I once went on one of the mercifully few camping trips in my life in the tenth grade -- it was a two-day field trip for my advanced biology class. The trip itself had taken many happy turns -- the boys had smuggled Everclear in empty High Karate bottles, I was asked to tell ghost stories late in the evening, everyone was making jokes for most of the ride there. During the course of the second day, a tick attached itself to my neck. Like most hideous blood-sucking creatures, I had no idea that it was there and went around acting normal until I looked in my compact and saw its swollen black body. How long has it been on me?, I asked Scott, a boy who had huge burn scars all along his forearms from being plunged into a way too hot bathtub as a toddler. A long time, he said. I didn't want to tell you because I liked seeing something ugly on you. Despite his grisly scars, he'd gained entry into the popular crowd, something I had about as much chance of doing as making it on Broadway. I doused myself with rubbing alcohol, and the tick released itself. You can't pull them off because the head will stay embedded, causing an infection. You can also light a match, blow it out, and put the heated tip to the tick's body.
The other day I had my students write about jealousy and envy, those unseemly emotions that bite us in the ass and make us crazy. Sometimes it takes a while for the students to start -- say, when I say things like, Amputation -- go anywhere you like with this idea! But with jealousy, my little darlings got right to it and wrote with ceasing for the entire time. Almost nobody, however, wanted to read out loud. Most of the time lots of students want to share, but not with this shame-laced emotion that we're taught not to acknowledge. I'm not a jealous person, we'll say, but . . . I would like to stab that person in the eyes, repeatedly. Of course, I would feel bad about it, but not that bad. I hadn't thought about Scott in years, but I remembered his casual cruelty which had given him a certain cache in high school. He'd taunt the boy in our class who had no forearms, only stubs that stopped where an elbow should have been. And how he hid his own arms in long-sleeve shirts even in the hottest weather. As for my own jealousy and pettiness, if only it were as easy as removing a tick from my otherwise unblemished neck instead of like Scott's scars that would always be there, whethter they were hidden or not.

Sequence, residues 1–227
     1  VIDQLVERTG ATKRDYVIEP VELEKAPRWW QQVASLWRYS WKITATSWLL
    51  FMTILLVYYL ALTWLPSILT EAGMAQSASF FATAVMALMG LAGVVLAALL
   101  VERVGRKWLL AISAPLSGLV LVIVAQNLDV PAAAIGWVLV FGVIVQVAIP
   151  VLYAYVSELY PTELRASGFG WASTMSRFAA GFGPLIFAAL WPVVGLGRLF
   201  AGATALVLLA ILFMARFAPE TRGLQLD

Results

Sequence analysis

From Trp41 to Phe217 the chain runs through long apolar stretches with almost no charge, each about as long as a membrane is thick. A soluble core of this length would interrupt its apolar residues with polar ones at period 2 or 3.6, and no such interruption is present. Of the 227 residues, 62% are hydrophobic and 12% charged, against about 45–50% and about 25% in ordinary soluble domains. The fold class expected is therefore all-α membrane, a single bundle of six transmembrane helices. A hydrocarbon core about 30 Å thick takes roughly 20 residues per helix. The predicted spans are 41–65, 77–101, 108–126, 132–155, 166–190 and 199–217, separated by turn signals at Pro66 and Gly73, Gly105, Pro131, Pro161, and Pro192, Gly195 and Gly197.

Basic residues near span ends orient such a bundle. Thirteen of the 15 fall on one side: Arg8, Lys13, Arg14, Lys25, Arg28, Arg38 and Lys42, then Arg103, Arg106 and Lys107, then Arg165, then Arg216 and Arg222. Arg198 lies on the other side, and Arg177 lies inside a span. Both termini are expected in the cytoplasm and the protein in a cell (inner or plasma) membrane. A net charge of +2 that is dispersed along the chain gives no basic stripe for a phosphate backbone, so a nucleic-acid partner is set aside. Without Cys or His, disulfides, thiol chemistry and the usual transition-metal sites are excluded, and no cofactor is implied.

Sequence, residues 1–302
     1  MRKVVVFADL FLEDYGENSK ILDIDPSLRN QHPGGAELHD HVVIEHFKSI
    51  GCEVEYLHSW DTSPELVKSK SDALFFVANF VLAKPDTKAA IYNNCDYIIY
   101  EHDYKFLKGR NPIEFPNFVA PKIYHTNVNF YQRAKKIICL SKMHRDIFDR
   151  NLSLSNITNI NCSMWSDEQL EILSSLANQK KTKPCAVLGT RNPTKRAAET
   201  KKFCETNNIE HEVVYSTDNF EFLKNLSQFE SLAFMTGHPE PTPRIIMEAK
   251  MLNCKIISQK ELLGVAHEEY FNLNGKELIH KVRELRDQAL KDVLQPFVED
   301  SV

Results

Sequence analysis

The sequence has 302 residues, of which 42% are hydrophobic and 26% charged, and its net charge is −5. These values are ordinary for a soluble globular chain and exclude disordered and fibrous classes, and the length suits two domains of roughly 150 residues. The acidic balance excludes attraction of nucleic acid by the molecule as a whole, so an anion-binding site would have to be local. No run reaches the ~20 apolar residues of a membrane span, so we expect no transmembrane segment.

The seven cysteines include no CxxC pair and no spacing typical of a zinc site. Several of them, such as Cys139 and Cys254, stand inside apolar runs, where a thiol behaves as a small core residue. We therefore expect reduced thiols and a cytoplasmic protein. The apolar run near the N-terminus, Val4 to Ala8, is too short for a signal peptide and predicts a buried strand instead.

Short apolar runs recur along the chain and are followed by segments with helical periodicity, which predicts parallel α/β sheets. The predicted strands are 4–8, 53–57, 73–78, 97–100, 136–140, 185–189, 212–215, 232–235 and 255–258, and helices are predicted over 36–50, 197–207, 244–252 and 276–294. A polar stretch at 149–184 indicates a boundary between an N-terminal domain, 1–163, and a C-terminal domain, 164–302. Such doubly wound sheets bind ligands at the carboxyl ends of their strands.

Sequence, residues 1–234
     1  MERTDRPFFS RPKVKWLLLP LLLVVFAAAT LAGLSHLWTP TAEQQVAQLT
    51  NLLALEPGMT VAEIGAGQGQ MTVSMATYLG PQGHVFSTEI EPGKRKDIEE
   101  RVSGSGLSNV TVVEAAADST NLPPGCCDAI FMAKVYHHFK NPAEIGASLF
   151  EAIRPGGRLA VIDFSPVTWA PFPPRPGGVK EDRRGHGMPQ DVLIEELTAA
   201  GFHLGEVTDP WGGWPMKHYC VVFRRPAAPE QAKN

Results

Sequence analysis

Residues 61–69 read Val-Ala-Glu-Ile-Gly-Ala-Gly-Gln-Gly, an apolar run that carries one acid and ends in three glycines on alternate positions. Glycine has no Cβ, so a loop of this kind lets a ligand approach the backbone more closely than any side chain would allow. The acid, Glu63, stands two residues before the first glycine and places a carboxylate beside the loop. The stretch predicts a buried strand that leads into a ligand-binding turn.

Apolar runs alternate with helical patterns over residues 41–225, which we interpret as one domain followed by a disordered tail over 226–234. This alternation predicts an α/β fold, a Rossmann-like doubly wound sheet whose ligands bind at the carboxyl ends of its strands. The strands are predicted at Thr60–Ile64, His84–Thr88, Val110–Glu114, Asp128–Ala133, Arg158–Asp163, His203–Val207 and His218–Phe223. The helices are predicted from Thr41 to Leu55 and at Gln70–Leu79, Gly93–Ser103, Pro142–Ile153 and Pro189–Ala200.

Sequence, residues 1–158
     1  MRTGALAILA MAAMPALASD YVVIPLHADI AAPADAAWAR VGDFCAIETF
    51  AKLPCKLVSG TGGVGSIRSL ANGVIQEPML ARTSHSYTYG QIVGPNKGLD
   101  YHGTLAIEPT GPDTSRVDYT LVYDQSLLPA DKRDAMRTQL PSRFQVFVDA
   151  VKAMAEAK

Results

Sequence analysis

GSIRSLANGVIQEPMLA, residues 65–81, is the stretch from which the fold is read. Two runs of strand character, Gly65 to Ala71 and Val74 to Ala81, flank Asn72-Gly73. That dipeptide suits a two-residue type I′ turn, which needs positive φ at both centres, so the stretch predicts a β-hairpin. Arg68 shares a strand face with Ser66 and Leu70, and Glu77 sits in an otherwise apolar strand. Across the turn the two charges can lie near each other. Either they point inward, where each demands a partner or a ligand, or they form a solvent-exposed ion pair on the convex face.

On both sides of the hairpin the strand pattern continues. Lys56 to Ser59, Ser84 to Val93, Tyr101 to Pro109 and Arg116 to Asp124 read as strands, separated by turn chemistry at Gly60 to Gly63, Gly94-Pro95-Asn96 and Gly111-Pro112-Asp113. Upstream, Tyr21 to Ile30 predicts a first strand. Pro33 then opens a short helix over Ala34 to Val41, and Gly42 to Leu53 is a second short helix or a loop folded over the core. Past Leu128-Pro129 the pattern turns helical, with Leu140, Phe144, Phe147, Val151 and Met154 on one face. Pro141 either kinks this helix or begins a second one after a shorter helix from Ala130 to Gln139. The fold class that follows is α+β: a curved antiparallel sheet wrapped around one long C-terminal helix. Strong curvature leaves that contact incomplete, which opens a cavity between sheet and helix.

Michelle's Spell of the Day
"Me? Jealous? A little -- like Medea." Woody Allen
Drinking book suggestion: Alice K's Guide To Life by Caroline Knapp -- very sharp, dark humor about a single woman in her thirties -- Sex in the City, without much sex, too many drinks, and lots of financial issues, which is to say a lot more like reality.
Benedictions and Maledictions
My cousin Jay has a great website/blog at http://mypc.press-citizen.com/blogs/blog.php?id_blogs=6. Check it out! Happy Veteran's Day to all!